Background: Cardiovascular and chronic kidney diseases are a part of noncommunicable chronic diseases, the leading causes of premature death worldwide. They are recognized as having early origins through altered developmental programming, due to adverse environmental conditions during development. Preterm birth is such an adverse factor. Rates of preterm birth increased in the last decades, however, with the improvement in perinatal and neonatal care, a growing number of preterm born subjects has now entered adulthood. Clinical and experimental evidence suggests that preterm birth is associated with impaired or arrested structural or functional development of key organs/systems making preterm infants vulnerable to cardiovascular and chronic renal diseases at adulthood. This review analyzes the evidence of such cardiovascular and renal changes, the role of perinatal and neonatal factors such as antenatal steroids and potential pathogenic mechanisms, including developmental programming and epigenetic alterations.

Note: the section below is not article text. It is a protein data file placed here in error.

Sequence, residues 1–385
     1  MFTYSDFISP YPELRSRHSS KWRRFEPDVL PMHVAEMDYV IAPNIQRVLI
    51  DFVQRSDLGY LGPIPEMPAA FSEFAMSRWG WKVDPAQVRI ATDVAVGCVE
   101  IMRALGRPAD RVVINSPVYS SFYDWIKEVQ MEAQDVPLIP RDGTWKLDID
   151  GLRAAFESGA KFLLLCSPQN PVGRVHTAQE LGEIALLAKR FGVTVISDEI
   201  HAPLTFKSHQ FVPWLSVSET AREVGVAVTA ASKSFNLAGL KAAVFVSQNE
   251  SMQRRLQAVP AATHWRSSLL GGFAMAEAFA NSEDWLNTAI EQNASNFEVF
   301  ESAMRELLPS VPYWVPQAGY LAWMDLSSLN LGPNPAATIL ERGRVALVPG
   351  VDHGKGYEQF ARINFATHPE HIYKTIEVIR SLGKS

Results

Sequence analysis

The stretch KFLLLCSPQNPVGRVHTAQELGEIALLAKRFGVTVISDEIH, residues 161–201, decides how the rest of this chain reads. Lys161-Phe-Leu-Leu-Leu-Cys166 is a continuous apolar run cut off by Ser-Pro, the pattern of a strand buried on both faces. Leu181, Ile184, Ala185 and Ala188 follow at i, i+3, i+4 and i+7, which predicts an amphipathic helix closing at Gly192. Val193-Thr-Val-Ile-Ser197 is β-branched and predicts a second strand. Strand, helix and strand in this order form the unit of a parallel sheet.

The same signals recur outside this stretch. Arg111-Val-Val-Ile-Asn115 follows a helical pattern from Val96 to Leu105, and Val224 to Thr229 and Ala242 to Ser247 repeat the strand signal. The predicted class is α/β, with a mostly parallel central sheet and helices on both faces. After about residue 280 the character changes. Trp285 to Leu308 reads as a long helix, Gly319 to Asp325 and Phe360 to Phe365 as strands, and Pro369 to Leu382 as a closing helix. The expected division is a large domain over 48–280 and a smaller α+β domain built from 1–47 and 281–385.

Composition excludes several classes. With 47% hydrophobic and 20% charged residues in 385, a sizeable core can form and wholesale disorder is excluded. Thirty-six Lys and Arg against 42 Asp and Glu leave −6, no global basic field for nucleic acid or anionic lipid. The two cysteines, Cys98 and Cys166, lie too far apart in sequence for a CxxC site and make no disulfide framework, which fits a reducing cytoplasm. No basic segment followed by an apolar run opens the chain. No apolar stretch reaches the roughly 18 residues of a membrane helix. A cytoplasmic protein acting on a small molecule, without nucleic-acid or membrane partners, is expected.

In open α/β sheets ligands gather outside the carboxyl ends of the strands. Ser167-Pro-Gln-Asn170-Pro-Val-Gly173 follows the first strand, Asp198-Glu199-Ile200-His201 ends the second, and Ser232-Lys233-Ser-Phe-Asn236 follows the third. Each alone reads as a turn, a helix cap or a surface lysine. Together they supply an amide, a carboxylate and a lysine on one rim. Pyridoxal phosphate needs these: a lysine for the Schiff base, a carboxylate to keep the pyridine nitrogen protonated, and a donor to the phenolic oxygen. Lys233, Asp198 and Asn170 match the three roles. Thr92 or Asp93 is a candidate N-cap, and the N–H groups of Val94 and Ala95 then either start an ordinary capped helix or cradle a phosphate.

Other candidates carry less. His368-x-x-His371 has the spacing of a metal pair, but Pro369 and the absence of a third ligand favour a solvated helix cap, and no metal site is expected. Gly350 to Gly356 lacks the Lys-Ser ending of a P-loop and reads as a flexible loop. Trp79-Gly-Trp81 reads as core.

Conclusion: Preterm born subjects are exposed to a significantly increased risk for altered cardiovascular and renal functions at young adulthood. Adequate, specific follow-up measures remain to be determined. While antenatal steroids have considerably improved preterm birth outcomes, repeated therapy should be considered with caution, as antenatal steroids induce long-term cardiovascular and metabolic alterations in animals’ models and their involvement in the accelerated cellular senescence observed in human studies cannot be excluded.
Keywords: Preterm infant, small for gestational age, preeclampsia, antenatal glucocorticoids, nephron number, hypertension, cardiovascular disease, chronic kidney disease, DOHaD, programming, noncommunicable diseases, adult.